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always good to get tipped on a new mr. diety. i wish you'd do it more regularly, norm, i wonder what you might have against the show. really.

re: accuracy- mr.deity says he "thinks" abe and sara were "in their 80's" when they had isaak. this didn't sound right so i looked it up (i'm in my own house with my library and my new wifi laptop, you're stuck with me now). i pulled out an edition of the pentateuch i don't often consult and- not kidding- it fell open to genesis 21.5 "abraham was 100 years old when his son isaac was born."

the place was marked with a handwritten sheepskin mezuzah scroll i had been using as a bookmark 5 years ago- the last time i used this particular edition.

purely anecdotal.

(i'm in my own house with my library and my new wifi laptop, you're stuck with me now)

I was surprised to see you back so soon, believing that you were hold up in a cave somewhere in the west bank mumbling can you hear me now. But no, a laptop, wifi, you've come a long way. You know you're always welcome here, and though a little on the strange side a valuable edition to the community.

I don't dislike Mr. Diety, I'm simply too lazy these days to keep up.

i keep telling you, i haven't lived in a cave for years. i do miss it sometimes, though, which i guess makes me "a little on the strange side".

thanks for the words of welcome. i would like to welcome you, too, back to the world of blogging- if you're interested. not that your recent posts haven't been interesting, just so few and far between.

re: Have a nice day

I didn't laugh, or cry, I SCREAMED.

Seriously folks, you're killing me.

Mr. Deity spars a few with the Phrayngula crowd in that thread.

Not a single one is in America.

Oh Dear god!

Pardon my french. At least we still make Chevys. Maybe we can get back into steam train production. If ever there was an argument that free trade is destroying the first world. You are looking at it.

At least we still make Chevys... If ever there was an argument that free trade is destroying the first world. You are looking at it.

Funny you should mention Chevys. Companies like GM being profoundly incompetent certainly doesn't help the USA "stay competitive in the global market". It also doesn't help that Wall Street basically made off with billions of dollars, scot-free. Or that, in the US, CEOs make over 300 times more than average full-time workers, and private equity and hedge fund managers make over 16,000 times more than the average worker. It's true.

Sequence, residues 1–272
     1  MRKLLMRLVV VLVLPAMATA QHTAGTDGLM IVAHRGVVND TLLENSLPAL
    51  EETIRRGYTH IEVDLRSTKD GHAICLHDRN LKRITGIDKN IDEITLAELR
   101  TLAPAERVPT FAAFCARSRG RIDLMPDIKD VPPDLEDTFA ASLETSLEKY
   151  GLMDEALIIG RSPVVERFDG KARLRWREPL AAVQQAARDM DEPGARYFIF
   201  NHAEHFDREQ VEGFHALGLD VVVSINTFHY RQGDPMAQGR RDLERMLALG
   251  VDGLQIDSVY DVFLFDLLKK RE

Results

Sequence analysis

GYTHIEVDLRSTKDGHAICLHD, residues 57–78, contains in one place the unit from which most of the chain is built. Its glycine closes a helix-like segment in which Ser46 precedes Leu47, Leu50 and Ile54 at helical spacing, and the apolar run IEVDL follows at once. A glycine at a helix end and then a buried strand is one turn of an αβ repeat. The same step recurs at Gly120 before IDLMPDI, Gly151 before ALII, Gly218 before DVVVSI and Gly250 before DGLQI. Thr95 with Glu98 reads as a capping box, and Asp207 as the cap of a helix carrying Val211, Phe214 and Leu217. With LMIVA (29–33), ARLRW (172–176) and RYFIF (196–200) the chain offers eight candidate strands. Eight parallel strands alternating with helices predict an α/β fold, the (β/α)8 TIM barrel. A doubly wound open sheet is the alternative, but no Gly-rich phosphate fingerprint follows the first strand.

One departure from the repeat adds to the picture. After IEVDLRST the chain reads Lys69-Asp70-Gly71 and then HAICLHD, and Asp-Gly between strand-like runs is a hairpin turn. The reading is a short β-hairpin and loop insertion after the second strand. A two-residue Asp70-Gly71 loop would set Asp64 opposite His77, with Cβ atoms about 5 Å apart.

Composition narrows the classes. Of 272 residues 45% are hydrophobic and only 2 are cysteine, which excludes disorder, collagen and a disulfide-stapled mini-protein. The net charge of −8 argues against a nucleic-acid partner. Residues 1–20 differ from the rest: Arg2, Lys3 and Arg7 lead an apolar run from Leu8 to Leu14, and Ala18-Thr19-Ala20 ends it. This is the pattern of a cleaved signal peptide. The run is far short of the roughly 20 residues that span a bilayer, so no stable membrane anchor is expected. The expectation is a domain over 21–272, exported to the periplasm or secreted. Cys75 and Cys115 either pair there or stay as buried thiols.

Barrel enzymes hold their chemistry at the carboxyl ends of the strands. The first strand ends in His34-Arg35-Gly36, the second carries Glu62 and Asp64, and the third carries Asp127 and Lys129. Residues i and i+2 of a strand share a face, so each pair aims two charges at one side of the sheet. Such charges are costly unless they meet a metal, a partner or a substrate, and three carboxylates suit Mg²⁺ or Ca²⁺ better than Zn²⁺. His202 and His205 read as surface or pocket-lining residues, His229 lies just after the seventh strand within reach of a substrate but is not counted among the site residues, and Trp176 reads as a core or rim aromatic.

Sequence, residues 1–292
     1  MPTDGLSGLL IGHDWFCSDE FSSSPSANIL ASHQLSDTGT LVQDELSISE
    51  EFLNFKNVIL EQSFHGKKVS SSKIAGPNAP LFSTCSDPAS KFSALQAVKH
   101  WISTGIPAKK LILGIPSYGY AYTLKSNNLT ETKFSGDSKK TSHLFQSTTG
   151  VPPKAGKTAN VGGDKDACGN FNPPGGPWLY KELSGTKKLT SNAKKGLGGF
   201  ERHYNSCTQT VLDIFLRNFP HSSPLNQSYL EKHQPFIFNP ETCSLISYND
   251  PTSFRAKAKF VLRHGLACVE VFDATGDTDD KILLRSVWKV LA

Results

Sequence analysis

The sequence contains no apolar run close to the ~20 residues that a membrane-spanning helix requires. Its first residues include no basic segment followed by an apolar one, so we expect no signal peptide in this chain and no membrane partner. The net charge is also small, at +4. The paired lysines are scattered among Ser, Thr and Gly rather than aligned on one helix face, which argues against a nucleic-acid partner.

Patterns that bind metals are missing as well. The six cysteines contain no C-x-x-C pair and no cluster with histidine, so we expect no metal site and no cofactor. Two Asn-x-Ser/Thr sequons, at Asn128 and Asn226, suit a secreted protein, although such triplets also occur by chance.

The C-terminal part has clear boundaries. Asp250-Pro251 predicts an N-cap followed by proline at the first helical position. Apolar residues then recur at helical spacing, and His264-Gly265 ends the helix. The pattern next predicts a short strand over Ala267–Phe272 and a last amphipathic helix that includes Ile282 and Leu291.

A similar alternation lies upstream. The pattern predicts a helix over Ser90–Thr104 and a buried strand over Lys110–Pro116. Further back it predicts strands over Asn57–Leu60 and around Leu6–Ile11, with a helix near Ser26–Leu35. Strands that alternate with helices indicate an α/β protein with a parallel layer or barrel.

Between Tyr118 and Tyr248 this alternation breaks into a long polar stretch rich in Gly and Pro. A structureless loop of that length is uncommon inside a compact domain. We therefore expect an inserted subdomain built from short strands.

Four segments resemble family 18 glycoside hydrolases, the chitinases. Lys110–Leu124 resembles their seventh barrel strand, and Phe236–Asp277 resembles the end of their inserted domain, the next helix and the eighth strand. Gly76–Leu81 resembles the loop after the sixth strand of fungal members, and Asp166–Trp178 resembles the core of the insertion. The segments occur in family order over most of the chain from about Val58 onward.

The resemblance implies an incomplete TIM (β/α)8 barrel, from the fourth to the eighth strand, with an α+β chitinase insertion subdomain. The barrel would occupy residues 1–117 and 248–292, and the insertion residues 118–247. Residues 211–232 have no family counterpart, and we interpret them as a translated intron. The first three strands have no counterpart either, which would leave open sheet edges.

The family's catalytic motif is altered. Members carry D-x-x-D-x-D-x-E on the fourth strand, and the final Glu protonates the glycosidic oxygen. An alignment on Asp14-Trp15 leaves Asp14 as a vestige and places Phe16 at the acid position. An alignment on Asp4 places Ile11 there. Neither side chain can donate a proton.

"Free Trade" is a fascinating topic, though, because it provides good examples of severe global problems that can only be practically improved by taking into consideration existing economic structures (since striving for a global Worker's Revolution, hee hee, probably won't yield the desired results.)

One interesting point is that thanks to the US relying on India for such things as call centers, software development, and electronics manufacturing, the influx of money into their economy has caused wages to rise significantly.

The effects on the First World middle and lower classes are far less beneficial of course, since thanks to outsourcing those workers have to compete with people who will work for pennies on the dollar.

How do you solve the problem? Re-establish trade barriers? For starters, there may be other solutions that are more politically viable (leaving aside the huge problem of America's corporate rulers not letting the politicians even think about it, or think about much at all.) There is also the fact that the USA in particular is not equipped with the factories or infrastructure required to provide for itself, and it hasn't been for many years. Even if trade barriers are "phased in" and they do end up benefiting the First World, this would probably cause immediate major problems in the Third World, and the USA can't exactly afford to cause any more messes for other countries as a consequence of its own mistakes...

I do agree that "Free Trade", as implemented, was a bad idea. The question is, what can we do about that?

I do agree that "Free Trade", as implemented, was a bad idea. The question is, what can we do about that?

Actually I couldn't read the column on my other computer without my NYT account, and once i did I realized this is a bit less of a free trade issue since the plants have moved to where the demand is rather than to where the cheap labor is (china being the possible exception).

So this may actually just be a case of our campaign finance and lobbying laws destroying our economy. Old guard industry protecting themselves and pushing all innovation to other countries.

But I do find free trade to be a fascinating topic since in so many cases it is so clearly a negative on the American economy. Our current crash is essentially the result of replacing a manufacturing economy with a fraudulent bubble economy.

The increased economic stability in places like India are the silver lining on the cloud. Eventually one would hope that a global economy can create global prosperity. In most places the opposite is currently true.

nice to see you again...I appreciate your way of writing. its awesome!!!


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